Among the perennial questions that mankind asks involve freedom. With the increasingly new information scientists learn about human biology and DNA that gets passed on from generation to generation, it is natural to wonder: how much control or freedom do I actually possess in my life? Over the course of history the greatest of literary works—Oedipus Rex and Macbeth to just name a couple— centered on the debate of freedom versus fate. When things did not go my own way, I recently struggled with having fleeting thoughts about fatalism— the belief that human actions happen through necessity and a result humans ultimately lack free will.
A year and a half ago, I wrote an article titled Reconciling Free Will with God’s Omniscience: Evidence form C.S. Lewis and My Life. Since publishing this originally in 2017, I have noticed that more search engine results came up on the topic of free will, God’s knowledge, and how to resolve these two seemingly diametric views. If God is all knowing and knows the outcome of every event in an individual’s life, do we truly possess free will? Or are humans fated and not in possession of the ability to be permitted to act on their own accord? Because a lot of attention centers on this topic, I feel compelled to write again on this subject.
While I still experience feeble moments of struggle to reconcile God’s omniscience with human freedom, hope is not out of reach. I am stronger in my belief and understanding. This is through the graces of the Holy Spirit along with my own continued pursuit of truth and sharpening my intellect through reading of people much, much wiser than myself. Most recently, I re-discovered the superb sagacity of Venerable Archbishop Fulton Sheen. Through the clear writing of Sheen, specifically his work Re-Made for Happiness, and my own humble experiences as a father I furthered my understanding that it is possible to reconcile the apparent Catch-22 between free will and divine omniscience!
1. Sagacity from Sheen: Although every book I have read of Archbishop Fulton Sheen impressed me, as of right now, Re-Made for Happiness tops them all. Chapter 13 entitled Hope specifically resonated with me. I got so excited after reading that chapter that I called my wife and declared, “This is the most amazing chapter, I have ever read of perhaps any book ever!” Whether this is a premature hyperbole, that is a debate for another time, nevertheless, I strongly recommend reading his entire book as soon as possible. In the meantime, I hope to provide an adequate highlight of his treatment on hope, free will, and God’s omniscience. According to Fulton Sheen, “Remember that in God there is no future. God knows all, no in the succession of time, but in the ‘now standing still’ of eternity, that is, all at once. His knowledge that you shall act in a particular manner is not the immediate cause of your acting, any more than your knowledge that you are sitting down caused you to sit down, or prevents you from getting up, if you willed to do it” (p. 161).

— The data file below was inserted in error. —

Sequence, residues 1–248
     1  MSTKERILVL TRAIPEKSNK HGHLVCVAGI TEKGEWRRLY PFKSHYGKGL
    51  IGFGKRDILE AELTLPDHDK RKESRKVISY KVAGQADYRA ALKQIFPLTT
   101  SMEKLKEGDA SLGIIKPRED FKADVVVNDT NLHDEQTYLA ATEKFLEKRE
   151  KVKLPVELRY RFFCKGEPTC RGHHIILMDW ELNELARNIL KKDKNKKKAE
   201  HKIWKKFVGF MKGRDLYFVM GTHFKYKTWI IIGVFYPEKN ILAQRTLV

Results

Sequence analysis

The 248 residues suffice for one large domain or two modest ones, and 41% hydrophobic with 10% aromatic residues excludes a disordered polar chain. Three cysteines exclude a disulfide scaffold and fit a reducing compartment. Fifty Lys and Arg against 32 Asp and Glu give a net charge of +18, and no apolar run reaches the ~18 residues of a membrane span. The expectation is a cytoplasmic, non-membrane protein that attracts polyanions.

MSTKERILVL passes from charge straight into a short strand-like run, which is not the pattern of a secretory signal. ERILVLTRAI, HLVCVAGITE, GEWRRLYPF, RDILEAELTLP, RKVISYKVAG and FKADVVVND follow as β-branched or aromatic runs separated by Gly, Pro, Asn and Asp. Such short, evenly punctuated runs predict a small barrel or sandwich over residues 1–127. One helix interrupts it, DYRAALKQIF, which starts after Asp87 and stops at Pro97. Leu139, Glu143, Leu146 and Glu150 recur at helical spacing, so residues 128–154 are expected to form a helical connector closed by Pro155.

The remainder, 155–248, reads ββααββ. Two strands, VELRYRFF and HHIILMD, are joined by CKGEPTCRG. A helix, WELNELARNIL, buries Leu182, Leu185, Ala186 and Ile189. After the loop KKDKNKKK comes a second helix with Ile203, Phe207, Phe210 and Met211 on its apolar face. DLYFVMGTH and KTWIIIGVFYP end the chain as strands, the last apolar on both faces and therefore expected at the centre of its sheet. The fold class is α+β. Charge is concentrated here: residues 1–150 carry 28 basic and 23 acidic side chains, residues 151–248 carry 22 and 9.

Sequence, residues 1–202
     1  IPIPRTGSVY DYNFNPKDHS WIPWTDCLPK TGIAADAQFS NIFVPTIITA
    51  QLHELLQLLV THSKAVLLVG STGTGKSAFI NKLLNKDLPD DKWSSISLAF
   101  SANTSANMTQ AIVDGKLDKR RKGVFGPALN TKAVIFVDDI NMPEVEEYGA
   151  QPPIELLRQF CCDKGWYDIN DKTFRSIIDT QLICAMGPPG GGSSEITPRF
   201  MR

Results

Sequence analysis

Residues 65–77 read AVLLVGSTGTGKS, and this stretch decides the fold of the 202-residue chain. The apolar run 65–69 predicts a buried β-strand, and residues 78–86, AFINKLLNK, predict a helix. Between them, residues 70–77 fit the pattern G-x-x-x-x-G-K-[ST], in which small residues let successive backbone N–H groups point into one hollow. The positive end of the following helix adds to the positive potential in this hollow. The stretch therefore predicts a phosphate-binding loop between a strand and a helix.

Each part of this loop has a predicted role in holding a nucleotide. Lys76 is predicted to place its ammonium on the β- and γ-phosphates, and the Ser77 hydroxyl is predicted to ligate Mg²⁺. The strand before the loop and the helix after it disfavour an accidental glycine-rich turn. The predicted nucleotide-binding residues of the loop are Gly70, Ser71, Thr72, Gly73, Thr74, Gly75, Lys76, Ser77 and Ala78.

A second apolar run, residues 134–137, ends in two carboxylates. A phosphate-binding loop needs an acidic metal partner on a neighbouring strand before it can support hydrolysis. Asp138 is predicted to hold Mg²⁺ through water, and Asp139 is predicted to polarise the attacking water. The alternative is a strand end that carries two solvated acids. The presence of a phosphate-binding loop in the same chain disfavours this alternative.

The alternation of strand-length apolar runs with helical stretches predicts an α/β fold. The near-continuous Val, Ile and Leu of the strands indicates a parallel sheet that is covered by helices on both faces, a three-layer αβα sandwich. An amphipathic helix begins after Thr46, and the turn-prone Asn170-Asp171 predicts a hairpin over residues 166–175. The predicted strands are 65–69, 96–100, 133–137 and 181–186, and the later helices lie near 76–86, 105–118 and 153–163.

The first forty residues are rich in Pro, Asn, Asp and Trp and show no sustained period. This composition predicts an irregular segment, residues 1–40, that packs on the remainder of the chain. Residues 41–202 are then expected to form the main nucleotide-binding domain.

Being outside of the space-time continuum, God is not contained within the constraints of time. Our ability to judge knowledge depends on succession of events, day by day, moment by moment. Divine omniscience does not fit into the box of time. Sheen goes on to say, “Because there is no future in God, foreknowing is not forecausing” (p. 162).
2. Insight from Infants [and beyond]: As a parent I have known my children since the moment of their birth. I gazed [lovingly, not creepily—so do not worryJ] at them while rocking them to sleep, watched them slowly grow, develop, and learn about the world around them. The more I learn about my children the more I am aware of the outcome of the choices they will make. Let me give an example. For instance, my youngest son has developed a fond affection for toy cars, actually wheels in general. Possessing the intimate knowledge of my son’s [all my children’s] interests, patterns, and needs allows me to have an ability to now the outcome of a choice posed for them. This “foreknowledge” does not limit their freedom.
Together the examples from Fulton Sheen and parenting helped deepen my ability to reconcile the apparent chasm between God’s omniscience and human free will. Ultimately, these examples fall short in fully explaining the natural of divine knowledge. Nevertheless, I am still at peace with these explanations.
I realize that I am a mere part of creation and my Creator is infinitely greater and more loving than I may possibly imagine. This endless wonder and awe about God is a gift. Let us not quiver at the omniscience of God but joyfully ponder it every day!